There's this question on Philosophy SE. Nobody there has yet been able to come up with a "good" source/reference. (The thus-far apparently oldest reference, provided in a comment, is this.) This seems like something you are quite good at and might enjoy solving.

So, despite numerous attributions, is there any reason to believe that Nietzsche ever said, wrote, stated, or uttered:

The world is beautiful, but has a disease called man.

either literally or literally translated?

PS: I know that cross-posting is sometimes frowned upon. Let me know (or just put "on hold") if moderators think this is not appropriate.

  • 7
    I think this is an acceptable cross-post. There is no reason to believe that the expertise at Philosophy.SE is especially well suited to verify an attribution, and we do tackle these questions often here. – user5582 Jan 4 '14 at 20:40

The quote seems to be a paraphrase coming from Nietzche's Zur Genealogie der Moral:

But thereby he introduced that most grave and sinister illness, from which mankind has not yet recovered, the suffering of man from the disease called man

enter image description here

This was published in 1887.

In German:

Mit ihm aber war die grösste und unheimlichste Erkrankung eingeleitet, von welcher die Menschheit bis heute nicht genesen ist, das Leiden des Menschen am Menschen, an sich

which google translates a bit differently (probably more politically correctly):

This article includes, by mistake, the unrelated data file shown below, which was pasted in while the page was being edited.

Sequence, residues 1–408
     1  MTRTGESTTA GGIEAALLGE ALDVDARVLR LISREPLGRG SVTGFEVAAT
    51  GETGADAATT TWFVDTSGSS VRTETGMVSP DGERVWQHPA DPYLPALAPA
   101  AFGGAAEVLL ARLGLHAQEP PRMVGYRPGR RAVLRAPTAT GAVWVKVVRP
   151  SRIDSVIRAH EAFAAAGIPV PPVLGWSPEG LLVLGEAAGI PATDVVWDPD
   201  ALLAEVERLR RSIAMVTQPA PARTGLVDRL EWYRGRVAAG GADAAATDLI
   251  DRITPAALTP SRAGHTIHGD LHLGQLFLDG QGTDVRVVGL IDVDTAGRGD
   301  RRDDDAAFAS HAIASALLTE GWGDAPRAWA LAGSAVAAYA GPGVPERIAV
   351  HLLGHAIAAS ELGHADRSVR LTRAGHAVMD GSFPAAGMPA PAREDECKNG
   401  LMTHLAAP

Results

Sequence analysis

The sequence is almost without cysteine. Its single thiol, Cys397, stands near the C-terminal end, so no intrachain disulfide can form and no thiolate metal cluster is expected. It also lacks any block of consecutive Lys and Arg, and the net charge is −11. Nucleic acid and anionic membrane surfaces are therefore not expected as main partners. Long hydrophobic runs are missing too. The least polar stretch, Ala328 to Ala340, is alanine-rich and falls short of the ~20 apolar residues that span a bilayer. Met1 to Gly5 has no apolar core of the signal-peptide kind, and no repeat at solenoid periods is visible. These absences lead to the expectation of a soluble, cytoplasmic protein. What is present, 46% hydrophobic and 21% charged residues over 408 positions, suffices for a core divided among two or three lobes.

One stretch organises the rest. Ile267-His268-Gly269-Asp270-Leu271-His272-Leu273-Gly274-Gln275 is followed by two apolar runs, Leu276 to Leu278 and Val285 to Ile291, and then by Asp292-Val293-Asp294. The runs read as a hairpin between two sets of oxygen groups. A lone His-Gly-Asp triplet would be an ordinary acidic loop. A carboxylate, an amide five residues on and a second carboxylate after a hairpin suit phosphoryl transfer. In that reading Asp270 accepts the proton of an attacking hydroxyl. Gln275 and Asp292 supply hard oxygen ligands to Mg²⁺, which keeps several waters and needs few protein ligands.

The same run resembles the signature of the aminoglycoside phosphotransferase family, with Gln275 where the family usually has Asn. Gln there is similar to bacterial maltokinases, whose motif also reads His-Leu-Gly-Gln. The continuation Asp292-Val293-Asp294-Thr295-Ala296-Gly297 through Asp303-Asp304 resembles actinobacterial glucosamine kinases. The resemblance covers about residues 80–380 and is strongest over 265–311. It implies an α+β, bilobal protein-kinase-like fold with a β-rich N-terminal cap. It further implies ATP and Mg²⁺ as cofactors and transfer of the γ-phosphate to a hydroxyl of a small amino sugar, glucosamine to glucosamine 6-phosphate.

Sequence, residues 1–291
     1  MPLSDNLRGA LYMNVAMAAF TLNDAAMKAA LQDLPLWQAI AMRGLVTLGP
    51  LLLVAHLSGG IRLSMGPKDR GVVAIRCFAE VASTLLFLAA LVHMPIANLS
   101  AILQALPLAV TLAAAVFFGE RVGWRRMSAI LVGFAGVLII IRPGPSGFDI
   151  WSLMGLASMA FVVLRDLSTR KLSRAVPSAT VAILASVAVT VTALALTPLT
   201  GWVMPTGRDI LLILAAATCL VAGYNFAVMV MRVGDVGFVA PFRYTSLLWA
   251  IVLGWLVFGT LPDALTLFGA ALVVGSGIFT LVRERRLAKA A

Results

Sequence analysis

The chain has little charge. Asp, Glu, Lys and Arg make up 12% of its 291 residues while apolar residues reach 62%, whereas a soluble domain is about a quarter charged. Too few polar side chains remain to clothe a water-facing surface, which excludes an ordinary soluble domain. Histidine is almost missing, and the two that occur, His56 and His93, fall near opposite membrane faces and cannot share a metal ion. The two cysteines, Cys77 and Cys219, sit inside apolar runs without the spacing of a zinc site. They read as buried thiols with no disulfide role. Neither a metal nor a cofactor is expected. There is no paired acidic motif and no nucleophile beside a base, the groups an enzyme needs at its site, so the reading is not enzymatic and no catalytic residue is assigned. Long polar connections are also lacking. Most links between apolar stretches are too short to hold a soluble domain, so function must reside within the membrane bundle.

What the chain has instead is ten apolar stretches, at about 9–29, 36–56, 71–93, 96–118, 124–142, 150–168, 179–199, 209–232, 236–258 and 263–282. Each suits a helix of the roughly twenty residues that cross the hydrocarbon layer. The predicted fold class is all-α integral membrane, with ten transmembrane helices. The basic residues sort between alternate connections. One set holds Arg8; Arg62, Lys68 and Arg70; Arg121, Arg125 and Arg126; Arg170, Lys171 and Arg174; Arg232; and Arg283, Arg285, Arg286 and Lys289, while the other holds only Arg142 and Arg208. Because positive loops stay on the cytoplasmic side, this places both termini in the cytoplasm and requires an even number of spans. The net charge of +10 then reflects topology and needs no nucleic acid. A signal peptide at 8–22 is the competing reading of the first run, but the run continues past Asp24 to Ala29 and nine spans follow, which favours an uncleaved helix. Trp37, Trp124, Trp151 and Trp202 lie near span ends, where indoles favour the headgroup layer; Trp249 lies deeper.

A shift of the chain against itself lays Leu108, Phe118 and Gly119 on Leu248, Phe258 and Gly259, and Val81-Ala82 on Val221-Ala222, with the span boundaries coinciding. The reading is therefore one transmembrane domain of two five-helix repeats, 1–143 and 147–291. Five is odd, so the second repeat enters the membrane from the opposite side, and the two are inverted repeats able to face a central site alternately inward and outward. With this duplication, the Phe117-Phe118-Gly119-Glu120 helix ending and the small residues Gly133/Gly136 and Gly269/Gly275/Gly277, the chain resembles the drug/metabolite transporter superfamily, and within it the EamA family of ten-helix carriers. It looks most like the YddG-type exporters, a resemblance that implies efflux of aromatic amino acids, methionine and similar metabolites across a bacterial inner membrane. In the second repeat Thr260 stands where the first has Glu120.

But with him the biggest and scariest disease was initiated, of which humanity is still not recuperated, the suffering of the people on the people, per se.

According to Google N-Gram viewer, the above is the earliest usage of the idiom "disease called man".

Otherwise, you found another great source on our Philosophy site, where you also cite another book of his Also sprach Zarathustra:

in Thus Spake Zarathustra (section 40, "Great Events"), in the discourse with the fire-dog, Nietzsche has Zarathustra say the following:

Die Erde, sagte er, hat eine Haut; und diese Haut hat Krankheiten. Eine dieser Krankheiten heisst zum Beispiel: "Mensch." [The earth, said he, hath a skin; and this skin hath diseases. One of these diseases, for example, is called "man."]

This book was published earlier still, 1883, but uses a slightly different version of the idiom "disease called man".

| improve this answer | |
  • 2
    That's no closer (and IMO less close) to the wanted quote than is the passage from Zarathustra which was referenced in the question on Philosophy.SE , i.e. The earth, said he, hath a skin; and this skin hath diseases. One of these diseases, for example, is called "man." – ChrisW Jan 5 '14 at 0:45
  • 1
    Yeah, I think the first part of the quote "the world is beautiful" is just as important in tracking this down. – user5582 Jan 5 '14 at 1:08
  • As I understand this answer, you found no evidence that Nietzsche said "The world is beautiful but...". Is that correct? – user5582 Jan 8 '14 at 0:00
  • 1
    "the world is beautiful" is very likely not Nietzsche. It's a common sentence. "A disease called man" instead is. The complete sentence is attributed to Nietzsche in all references I can find, but not in his books. Keep in mind, his books are in German... – Sklivvz Jan 8 '14 at 21:19

You must log in to answer this question.